Community rallies behind Kids Fund

TEAM EFFORT: Masonicare regional manager Brian Willis, Disability Trust Kids Fund manager Belinda Dawson and former Master of the Lodge Peter Conelius.

TEAM EFFORT: Masonicare regional manager Brian Willis, Disability Trust Kids Fund manager Belinda Dawson and former Master of the Lodge Peter Conelius.

The Kiama Masonic Lodge has donated $14,000 to Kids Fund for much needed aids and equipment for children living with a disability.

The lodge raised $8000 over a 12-month period, while Masonicare chimed-in with $6000.

Peter Conelius was Master of the Lodge throughout the fundraising period and chose Kids Fund to support.

“The majority of the money was raised with sausage sizzles at Bunnings and Masters. Every meeting we have, we run a raffle among our members and visitors, so that all went into it. A bit of money came out of the lodge’s funds as well, money our members put in to keep the lodge running, so it was the community plus our own members and visitors,” Mr Conelius said.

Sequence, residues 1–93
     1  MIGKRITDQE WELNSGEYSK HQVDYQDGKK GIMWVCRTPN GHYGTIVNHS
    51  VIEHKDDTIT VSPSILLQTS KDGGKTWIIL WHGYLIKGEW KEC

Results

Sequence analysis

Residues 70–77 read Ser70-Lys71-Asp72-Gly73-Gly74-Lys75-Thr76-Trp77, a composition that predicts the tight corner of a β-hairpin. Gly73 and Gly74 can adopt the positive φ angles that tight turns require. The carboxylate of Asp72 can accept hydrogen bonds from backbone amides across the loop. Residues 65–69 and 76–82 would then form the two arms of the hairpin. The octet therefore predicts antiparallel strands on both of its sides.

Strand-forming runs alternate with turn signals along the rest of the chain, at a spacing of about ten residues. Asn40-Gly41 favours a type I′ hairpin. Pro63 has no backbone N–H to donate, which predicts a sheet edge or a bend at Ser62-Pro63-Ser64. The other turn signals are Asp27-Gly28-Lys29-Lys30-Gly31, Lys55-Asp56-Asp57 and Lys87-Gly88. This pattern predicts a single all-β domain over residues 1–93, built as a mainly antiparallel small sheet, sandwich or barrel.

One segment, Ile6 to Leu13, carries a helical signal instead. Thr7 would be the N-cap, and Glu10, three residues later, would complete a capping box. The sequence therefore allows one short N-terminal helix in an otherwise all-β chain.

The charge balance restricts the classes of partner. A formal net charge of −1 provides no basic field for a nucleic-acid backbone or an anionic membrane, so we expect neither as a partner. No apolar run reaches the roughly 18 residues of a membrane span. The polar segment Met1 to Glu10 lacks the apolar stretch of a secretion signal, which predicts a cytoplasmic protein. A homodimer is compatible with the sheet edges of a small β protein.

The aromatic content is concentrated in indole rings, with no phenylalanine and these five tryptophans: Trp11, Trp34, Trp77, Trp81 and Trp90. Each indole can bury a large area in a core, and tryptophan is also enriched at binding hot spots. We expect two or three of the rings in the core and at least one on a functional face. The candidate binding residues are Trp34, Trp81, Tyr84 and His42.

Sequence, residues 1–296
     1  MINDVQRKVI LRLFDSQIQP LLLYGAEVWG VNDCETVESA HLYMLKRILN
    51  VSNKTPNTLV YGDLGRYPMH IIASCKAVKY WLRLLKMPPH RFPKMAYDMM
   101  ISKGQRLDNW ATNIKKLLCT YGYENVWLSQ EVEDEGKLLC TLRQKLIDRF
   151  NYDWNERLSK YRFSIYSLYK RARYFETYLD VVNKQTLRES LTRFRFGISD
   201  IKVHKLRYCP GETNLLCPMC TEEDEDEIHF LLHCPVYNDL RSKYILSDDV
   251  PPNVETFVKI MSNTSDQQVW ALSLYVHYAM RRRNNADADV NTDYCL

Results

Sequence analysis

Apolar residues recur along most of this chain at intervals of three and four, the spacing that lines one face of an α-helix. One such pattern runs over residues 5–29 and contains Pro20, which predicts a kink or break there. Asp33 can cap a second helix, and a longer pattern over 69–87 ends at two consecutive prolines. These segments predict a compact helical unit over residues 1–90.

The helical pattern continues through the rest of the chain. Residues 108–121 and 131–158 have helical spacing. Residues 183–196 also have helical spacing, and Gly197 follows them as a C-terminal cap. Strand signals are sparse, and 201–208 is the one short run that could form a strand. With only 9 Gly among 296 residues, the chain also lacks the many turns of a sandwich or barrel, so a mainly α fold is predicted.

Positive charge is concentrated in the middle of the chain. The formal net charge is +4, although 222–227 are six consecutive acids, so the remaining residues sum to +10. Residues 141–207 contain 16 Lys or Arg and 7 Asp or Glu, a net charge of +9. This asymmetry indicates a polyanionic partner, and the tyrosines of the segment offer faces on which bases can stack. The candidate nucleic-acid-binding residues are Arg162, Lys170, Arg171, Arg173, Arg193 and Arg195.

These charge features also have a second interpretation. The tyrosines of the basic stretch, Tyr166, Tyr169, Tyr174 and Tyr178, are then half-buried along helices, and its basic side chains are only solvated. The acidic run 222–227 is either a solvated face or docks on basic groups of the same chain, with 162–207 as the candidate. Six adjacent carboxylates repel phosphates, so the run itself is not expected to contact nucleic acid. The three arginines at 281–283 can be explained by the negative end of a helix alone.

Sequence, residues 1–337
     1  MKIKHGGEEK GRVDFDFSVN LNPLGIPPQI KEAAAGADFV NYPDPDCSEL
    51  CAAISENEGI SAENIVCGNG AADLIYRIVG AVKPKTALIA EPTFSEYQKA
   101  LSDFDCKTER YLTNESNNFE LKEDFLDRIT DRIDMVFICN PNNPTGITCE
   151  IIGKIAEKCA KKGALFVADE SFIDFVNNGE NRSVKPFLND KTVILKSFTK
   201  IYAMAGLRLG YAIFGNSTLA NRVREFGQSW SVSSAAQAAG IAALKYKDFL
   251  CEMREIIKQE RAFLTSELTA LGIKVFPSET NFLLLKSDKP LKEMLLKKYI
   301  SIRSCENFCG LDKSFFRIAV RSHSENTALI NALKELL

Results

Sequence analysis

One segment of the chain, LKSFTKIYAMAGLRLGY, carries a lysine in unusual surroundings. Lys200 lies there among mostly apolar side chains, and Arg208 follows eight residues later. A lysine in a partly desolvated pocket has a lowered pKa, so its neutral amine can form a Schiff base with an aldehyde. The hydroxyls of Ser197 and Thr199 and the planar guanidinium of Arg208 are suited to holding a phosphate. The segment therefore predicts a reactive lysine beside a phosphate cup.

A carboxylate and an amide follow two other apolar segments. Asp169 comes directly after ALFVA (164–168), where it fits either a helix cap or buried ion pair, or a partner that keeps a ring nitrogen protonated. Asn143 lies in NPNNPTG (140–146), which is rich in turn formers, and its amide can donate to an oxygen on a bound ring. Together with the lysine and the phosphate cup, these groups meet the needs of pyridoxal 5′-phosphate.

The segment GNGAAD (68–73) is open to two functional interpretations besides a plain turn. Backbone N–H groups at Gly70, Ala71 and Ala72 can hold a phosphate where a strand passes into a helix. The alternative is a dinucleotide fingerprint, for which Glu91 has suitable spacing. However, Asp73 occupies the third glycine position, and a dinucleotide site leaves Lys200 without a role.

“I chose Kids Fund mainly because it’s a local organisation helping kids in the Illawarra, plus you can’t go wrong working for kids.”

Disability Trust Kids Fund manager Belinda Dawson said the money goes to children from the Wollongong, Shellharbour and Kiama Council areas.

“The things we buy tend to be expensive and where there’s no other funding source for the family, things like wheelchairs, which might be $10,000 to $12,000 and walkers which are $4000 or $5000 and orthotics, which children need every year or so, are up to $1000,” Mrs Dawson said.

“Often families have other medical needs for children with disabilities, so we like to think maybe we can ease some of that financial burden by purchasing that equipment for the children.

“They’re very appreciative, a lot of people feel very humbled that the Illawarra community, people they don’t even know, have donated to this charity and they’re able to receive the equipment.

“The equipment provides inclusion and independence, a family might have a power wheelchair which is fine for around the home, but it’s not something they can put in the car, so we might buy them a manual wheelchair they can fold-up, put in the car and suddenly the family is then able to go to the park.

“We’re really about getting children out there in the community to participate and be included.” 

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